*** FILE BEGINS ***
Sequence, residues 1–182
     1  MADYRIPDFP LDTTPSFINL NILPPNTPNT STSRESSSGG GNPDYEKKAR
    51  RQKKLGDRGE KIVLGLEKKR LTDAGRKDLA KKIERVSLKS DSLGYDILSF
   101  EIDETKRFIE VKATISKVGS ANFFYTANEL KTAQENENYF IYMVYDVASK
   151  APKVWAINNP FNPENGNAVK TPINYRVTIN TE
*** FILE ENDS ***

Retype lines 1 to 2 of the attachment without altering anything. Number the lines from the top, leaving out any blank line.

Sequence, residues 1–182
     1  MADYRIPDFP LDTTPSFINL NILPPNTPNT STSRESSSGG GNPDYEKKAR